The Conflict in Afghanistan Part III

Swedish soldiers

A UN-mandated peacekeeping force, the International Security Assistance Force (ISAF), had already been sent to Kabul around New Year 2002 to protect the government and maintain order. The highest command of ISAF was awarded to NATO in August 2003.

After the UN gave Isaf a mandate to expand and be stationed outside Kabul, some bases were set up in 2004 in the country’s relatively quiet northern part. Sweden was given responsibility for four provinces based in Mazar-i-Sharif.

In accordance with the foreign forces’ planned march out of Afghanistan in 2014, Sweden in 2010 handed over responsibility for its provinces to the Afghan authorities. According to Isaf, the Swedish force, which in 2009 was up to 500 soldiers, had in April 2014 been reduced to 270 men. After Isaf’s departure, a few Swedes remain as military advisers.

As early as 2002, the Taliban began launching new attacks on the government, foreign forces and aid workers.

The US leadership was criticized for being more focused on military than political and social solutions in Afghanistan. Several US and NATO flights killed civilians. Karzai repeatedly criticized such attacks, which only increased the Afghans’ traditional aversion to both the central government and the foreign presence.

Prolonged conflict

Afghans, especially in rural areas, did not experience any major improvements during the first years of a democratically elected government. In the south and southeast, more and more Taliban could move fairly freely and gain new supporters – albeit in some cases with money or threats.

The profitable cultivation of opium poppies more than doubled after the fall of the Taliban regime, and Afghanistan today accounts for about 90 percent of the world’s opium. Various attempts to persuade farmers to grow other crops have had only limited success.

In the provinces in the south and east, it became increasingly clear from 2006 that the conflict would be long-lasting. The Taliban carried out rocket fire and regular military attacks on the army and foreign troops. Following the pattern of Iraq, they also began carrying out suicide bombings, which often affected the civilian population. Aid staff also suffered.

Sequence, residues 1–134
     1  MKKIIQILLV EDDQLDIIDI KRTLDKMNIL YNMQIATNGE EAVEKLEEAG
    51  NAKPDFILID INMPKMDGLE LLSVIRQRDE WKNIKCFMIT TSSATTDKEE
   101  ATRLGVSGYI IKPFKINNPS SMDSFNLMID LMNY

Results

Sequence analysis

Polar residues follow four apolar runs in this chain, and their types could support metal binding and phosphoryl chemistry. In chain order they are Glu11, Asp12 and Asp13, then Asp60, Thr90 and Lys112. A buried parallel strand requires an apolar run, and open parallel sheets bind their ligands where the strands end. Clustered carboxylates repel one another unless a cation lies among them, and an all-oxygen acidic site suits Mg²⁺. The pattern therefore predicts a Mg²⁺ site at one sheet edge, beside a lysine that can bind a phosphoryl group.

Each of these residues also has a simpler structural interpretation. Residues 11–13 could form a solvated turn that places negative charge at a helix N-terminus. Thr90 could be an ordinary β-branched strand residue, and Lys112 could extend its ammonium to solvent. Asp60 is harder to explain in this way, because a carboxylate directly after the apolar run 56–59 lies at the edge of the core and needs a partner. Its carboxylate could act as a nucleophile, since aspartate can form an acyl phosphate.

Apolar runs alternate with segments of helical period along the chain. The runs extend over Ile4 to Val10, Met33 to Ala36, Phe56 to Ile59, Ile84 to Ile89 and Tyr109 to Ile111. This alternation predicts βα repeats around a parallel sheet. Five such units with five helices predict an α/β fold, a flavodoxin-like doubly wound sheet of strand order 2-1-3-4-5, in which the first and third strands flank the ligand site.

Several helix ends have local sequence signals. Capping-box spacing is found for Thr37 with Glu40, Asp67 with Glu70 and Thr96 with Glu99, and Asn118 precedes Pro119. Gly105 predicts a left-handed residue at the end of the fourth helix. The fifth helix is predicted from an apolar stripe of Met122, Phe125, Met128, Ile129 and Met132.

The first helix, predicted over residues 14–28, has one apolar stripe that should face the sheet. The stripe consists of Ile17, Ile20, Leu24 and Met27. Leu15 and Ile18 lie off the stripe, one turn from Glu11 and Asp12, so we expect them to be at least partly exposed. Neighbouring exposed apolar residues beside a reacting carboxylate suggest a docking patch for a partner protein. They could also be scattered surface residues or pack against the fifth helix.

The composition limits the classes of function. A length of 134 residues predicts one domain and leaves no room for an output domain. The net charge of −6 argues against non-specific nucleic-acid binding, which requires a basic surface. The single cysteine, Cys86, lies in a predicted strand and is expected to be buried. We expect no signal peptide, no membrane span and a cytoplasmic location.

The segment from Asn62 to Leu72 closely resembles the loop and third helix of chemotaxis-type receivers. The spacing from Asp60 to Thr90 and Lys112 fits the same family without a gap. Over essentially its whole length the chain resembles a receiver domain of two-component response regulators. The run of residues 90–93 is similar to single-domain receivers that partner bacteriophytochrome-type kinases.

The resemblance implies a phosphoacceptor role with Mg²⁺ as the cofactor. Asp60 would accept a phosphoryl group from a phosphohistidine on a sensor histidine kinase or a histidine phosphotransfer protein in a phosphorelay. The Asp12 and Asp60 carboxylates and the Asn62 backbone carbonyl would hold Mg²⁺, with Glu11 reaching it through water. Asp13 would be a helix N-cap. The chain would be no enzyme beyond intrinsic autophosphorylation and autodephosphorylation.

In 2006, NATO took over the main responsibility for the military operation in most of the country. More than half of the US troops were placed under ISAF / NATO command, while a reduced US-led OEF force was almost entirely engaged in hunting terrorists on both sides of the border with Pakistan.

During the second half of the twentieth century, the foreign presence increased steadily. From the summer of 2008 to June 2010, Isaf grew from about 53,000 to almost 120,000 men. The US effort in ISAF increased from about 17,000 to 78,000 men. OEF amounted to at least 20,000 men.

Despite billions of dollars in aid, the Afghan people have seldom experienced any decisive progress – significant parts of the aid have been squandered. There have also been problems with a lack of coordination and mistakes in the efforts of the outside world

Corrupt government

For a long time, NATO countries had also been dissatisfied with the inefficiency and corruption of the Karzai government, and several NATO leaders would have liked to see Karzai lose the 2009 presidential election.

Despite an intensive build-up of the Afghan army to almost 300,000 men in 2013 and an upgrade of the police force, the security forces still have a low standard. A large proportion of soldiers and police are illiterate and many abuse drugs. The police force in particular is considered to be permeated by corruption and is also suspected of being infiltrated by the Taliban. Both the army and the police are bothered by extensive defections.

Among the Western powers, since 2007, the realization grew that the war could not be won militarily.

Following a decision as early as 2010, military responsibility was gradually transferred to the Afghan forces, while NATO troops were reduced. From June 2013, the entire country was formally under domestic command. In September 2014, the NATO-led force was down to just over 41,000 soldiers.

The Taliban are bidding their time

Repeated attempts, even by the United States, to negotiate with the Taliban have been in vain. The growing number of Taliban forces has only been waiting to extend its influence after NATO withdrawal.

In recent years, the Taliban and other armed movements have shown that they can carry out attacks even in the most well-guarded places.

After a conflict-ridden and protracted election process, which according to EU election observers was marked by systematic fraud, former Finance Minister Ashraf Ghani could be announced as the new president after Hamid Karzai in September 2014. The day after he took office, he signed an agreement that the United States would retain about 10,000 troops in Afghanistan after the end of the international force’s end of the year.

In total, about 13,000 soldiers from the United States and some other countries have remained after the turn of the year 2015 to provide training and advice to the hard-working Afghan forces.

Taliban leader Mohammad Omar died in 2013 and his successor was killed by a US drone in Pakistan in 2016. The militia is now led by Haibatullah Akhundzada, who under Taliban rule from 1996 to 2001 was head of the country’s sharia courts.

The Conflict in Afghanistan Part III